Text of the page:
Russia has one of the greatest reserves of natural resources in the world. So why don't we hear more about Russian resources being used? Probably because they're way off in Siberia. The remoteness of these resources makes them expensive to mine.
So what resources does Russia have, anyways?
Minerals! Russia may hold as much as half of the world's coal reserves, and even larger amounts of petroleum. They also have about 40% of the world's supply of natural gas.
Ferrous metals! Iron ore deposits south of Moscow near the Ukrainian border contain so much iron ore that they have actually caused a deviation in the Earth's magnetic field. Russia also has adequate quantities of manganese, nickel, tungsten, cobalt, molybdenum and other iron-alloying elements.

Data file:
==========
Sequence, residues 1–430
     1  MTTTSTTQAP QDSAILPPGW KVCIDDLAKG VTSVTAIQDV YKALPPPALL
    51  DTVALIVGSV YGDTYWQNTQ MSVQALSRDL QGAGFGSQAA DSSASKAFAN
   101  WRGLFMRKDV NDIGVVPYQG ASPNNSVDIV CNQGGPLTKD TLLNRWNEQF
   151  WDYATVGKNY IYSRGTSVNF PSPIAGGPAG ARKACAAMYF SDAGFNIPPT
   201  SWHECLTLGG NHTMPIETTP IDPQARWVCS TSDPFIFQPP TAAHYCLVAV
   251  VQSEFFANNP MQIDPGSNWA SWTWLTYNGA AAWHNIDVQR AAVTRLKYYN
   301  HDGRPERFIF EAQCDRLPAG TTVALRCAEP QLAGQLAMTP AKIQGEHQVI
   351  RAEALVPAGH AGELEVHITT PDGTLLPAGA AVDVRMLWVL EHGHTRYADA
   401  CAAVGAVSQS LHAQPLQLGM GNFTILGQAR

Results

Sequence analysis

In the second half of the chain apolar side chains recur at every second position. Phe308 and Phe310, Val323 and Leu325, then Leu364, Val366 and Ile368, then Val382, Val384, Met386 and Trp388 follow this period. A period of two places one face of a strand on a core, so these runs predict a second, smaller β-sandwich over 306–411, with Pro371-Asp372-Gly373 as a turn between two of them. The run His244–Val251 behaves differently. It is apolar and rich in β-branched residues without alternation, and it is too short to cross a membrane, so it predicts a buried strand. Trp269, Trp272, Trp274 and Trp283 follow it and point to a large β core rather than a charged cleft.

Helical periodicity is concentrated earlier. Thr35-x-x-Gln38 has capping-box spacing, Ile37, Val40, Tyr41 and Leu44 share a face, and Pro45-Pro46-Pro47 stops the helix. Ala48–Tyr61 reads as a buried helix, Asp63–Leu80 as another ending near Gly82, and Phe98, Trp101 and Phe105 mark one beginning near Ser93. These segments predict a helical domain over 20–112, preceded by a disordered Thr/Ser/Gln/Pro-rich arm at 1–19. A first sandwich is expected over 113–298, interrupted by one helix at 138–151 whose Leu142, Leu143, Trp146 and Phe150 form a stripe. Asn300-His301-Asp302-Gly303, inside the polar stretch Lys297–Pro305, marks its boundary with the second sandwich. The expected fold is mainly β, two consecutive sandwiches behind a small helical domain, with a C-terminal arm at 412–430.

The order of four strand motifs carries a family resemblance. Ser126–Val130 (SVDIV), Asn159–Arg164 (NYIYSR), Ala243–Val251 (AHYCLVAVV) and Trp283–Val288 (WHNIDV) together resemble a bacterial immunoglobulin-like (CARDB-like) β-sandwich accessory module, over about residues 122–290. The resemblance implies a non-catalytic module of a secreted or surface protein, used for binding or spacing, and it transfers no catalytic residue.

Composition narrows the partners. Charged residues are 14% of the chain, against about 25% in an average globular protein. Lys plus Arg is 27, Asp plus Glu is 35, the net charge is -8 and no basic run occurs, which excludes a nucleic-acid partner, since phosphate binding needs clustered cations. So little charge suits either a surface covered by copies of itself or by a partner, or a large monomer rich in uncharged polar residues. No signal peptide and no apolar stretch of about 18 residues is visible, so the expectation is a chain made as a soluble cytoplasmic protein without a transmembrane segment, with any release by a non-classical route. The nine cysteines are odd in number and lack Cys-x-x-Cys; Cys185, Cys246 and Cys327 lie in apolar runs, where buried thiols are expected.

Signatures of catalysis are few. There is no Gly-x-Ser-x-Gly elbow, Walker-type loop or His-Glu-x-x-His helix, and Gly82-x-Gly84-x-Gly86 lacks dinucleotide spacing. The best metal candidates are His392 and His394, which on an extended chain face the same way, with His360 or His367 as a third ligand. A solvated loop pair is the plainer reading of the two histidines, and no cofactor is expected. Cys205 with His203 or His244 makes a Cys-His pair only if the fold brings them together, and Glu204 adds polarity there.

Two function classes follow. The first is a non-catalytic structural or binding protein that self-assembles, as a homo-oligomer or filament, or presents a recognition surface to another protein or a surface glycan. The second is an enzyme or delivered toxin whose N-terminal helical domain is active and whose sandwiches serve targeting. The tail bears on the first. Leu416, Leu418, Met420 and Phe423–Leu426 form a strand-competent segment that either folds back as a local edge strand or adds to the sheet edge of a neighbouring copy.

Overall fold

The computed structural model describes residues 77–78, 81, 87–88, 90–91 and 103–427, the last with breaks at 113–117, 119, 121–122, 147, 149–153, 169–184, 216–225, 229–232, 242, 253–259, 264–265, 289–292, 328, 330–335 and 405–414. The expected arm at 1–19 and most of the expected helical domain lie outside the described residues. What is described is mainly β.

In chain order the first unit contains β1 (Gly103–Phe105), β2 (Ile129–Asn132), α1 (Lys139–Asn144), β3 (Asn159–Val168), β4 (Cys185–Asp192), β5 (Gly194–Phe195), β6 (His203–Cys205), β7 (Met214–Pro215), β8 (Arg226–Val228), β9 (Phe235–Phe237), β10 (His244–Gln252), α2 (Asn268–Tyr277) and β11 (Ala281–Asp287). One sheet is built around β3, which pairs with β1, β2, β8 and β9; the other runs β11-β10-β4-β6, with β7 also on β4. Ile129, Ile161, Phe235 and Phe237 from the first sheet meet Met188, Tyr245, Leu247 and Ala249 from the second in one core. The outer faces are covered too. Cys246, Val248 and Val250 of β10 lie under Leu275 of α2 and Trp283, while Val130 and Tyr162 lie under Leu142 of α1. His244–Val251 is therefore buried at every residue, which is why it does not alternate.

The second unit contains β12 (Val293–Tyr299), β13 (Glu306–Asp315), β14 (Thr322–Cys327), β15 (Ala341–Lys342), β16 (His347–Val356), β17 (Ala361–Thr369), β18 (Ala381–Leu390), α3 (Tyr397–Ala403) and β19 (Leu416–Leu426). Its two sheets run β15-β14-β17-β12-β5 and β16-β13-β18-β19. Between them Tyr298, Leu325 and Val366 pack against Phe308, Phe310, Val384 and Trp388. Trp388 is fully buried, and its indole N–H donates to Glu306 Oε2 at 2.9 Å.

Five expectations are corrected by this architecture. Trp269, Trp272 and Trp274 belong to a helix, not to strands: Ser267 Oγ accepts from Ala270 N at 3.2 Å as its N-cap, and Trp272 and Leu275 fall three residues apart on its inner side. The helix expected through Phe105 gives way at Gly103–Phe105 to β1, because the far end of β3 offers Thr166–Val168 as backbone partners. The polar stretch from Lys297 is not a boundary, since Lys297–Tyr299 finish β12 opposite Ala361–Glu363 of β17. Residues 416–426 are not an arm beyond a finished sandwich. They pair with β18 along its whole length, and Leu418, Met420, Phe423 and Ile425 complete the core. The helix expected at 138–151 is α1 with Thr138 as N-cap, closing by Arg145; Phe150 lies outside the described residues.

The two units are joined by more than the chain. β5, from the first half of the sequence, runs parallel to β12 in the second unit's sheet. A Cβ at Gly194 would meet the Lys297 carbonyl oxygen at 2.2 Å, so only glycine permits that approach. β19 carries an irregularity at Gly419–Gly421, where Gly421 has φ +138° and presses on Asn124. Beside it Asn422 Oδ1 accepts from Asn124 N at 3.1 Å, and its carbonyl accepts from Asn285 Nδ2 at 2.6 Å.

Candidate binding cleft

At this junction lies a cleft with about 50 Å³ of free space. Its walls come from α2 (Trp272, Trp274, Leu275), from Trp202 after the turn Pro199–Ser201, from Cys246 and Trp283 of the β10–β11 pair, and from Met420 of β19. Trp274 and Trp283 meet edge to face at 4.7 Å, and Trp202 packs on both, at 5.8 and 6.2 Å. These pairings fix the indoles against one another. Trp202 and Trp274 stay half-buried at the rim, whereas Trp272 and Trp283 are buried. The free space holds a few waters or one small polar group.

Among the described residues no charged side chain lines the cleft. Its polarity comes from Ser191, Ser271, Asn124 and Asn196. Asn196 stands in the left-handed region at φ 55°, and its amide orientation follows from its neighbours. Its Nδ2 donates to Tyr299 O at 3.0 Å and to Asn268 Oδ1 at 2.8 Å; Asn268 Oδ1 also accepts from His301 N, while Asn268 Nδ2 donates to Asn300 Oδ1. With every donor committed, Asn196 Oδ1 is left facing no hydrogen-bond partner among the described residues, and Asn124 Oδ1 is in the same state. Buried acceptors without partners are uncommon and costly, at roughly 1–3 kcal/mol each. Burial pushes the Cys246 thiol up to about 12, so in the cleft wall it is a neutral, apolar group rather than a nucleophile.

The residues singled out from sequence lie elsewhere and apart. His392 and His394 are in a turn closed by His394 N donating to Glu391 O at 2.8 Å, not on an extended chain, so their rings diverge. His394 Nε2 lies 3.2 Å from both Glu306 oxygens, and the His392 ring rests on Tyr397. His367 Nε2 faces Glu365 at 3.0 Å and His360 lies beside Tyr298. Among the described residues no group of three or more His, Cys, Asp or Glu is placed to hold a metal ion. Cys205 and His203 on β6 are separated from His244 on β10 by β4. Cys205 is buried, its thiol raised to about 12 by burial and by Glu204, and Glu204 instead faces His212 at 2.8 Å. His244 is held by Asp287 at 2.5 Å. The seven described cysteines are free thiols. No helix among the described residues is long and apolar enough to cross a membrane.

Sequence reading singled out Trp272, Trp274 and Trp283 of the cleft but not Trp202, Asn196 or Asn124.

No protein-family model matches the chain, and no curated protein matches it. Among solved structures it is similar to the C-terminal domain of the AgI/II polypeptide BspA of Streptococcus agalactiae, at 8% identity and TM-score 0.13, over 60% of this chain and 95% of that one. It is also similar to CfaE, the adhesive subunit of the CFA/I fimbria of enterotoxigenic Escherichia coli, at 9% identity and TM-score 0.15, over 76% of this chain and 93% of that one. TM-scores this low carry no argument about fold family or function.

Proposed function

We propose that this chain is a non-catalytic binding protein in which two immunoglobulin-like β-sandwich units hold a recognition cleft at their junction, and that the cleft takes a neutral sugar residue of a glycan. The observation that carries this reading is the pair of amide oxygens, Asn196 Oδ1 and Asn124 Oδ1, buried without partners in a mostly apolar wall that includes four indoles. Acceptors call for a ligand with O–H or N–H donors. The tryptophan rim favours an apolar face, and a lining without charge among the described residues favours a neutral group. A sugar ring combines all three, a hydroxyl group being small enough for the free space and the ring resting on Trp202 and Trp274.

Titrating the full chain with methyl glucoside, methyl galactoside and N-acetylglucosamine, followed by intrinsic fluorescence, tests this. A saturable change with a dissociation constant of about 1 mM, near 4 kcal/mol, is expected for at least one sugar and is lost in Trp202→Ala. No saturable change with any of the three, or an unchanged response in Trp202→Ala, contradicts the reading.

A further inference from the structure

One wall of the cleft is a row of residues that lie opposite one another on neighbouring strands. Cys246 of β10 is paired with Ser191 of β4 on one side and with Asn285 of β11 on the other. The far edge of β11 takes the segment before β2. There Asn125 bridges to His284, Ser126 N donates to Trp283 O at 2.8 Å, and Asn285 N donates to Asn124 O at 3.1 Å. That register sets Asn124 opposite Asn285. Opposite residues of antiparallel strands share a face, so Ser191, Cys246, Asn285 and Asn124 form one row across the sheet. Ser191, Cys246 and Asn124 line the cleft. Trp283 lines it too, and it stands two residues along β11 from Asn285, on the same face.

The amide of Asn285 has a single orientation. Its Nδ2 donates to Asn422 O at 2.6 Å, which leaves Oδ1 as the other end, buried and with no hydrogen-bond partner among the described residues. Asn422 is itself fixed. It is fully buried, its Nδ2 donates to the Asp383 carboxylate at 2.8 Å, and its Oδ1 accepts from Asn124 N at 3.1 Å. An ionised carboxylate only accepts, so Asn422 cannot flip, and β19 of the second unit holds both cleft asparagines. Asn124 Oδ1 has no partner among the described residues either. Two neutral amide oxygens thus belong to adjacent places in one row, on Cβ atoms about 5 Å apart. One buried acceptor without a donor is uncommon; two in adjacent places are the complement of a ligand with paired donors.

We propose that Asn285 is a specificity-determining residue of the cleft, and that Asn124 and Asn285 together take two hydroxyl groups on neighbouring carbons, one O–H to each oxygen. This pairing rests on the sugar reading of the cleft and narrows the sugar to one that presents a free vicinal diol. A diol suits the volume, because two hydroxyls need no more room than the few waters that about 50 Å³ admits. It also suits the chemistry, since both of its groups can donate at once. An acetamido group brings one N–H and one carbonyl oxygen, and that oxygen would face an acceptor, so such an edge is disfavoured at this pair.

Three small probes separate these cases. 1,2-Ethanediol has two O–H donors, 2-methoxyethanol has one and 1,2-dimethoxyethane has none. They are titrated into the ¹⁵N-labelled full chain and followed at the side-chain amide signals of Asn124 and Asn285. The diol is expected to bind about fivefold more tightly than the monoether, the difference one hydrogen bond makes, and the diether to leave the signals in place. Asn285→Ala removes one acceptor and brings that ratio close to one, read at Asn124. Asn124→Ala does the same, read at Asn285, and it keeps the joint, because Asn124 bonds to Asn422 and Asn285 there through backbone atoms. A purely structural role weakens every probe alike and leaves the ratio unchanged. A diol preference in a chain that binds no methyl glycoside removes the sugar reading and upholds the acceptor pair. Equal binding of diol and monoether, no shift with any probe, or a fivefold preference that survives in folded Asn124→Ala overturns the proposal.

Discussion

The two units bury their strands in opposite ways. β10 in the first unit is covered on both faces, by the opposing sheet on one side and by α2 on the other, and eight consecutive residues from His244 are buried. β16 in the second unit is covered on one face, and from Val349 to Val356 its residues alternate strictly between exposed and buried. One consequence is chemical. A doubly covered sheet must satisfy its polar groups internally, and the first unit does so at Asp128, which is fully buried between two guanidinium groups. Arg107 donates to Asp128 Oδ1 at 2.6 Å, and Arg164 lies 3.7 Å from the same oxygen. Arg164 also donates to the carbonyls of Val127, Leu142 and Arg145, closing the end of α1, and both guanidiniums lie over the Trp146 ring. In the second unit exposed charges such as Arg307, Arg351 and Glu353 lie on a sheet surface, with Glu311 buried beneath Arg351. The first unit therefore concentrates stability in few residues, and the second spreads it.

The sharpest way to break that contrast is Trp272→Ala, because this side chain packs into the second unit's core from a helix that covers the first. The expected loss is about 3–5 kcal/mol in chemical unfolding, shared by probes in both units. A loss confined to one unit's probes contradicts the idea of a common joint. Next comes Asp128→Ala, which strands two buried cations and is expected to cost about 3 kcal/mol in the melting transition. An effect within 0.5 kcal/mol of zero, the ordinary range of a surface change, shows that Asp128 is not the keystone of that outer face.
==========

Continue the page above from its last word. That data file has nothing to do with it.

Non-ferrous metals! Mostly copper, but there's a smaller amount of aluminum as well. The North Caucasus contains a large amount of lead and zinc ores, which are commonly found with copper, silver, gold, and a bunch of other rare metals. Russia has one of the largest gold reserves in the world, and mercury deposits can be found in the southern and central Urals and in south central Siberia.
Raw minerals! Potassium, magnesium salt and apatite (not to be confused with appetite). Rock salt can be found in the southwestern Urals, and sulfur can be found in the Urals and in the middle of the Volga valley
I suppose it shouldn't be such a surprise that Russia contains such a large amount of natural resources. Being REALLY REALLY BIG helps, I'm sure.